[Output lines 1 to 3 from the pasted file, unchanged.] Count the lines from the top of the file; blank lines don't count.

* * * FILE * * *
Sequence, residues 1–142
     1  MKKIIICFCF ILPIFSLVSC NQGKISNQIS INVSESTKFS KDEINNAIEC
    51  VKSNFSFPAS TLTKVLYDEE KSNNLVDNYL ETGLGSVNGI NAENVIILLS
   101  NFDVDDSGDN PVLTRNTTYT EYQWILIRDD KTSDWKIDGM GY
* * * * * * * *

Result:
Sequence, residues 1–142
     1  MKKIIICFCF ILPIFSLVSC NQGKISNQIS INVSESTKFS KDEINNAIEC
    51  VKSNFSFPAS TLTKVLYDEE KSNNLVDNYL ETGLGSVNGI NAENVIILLS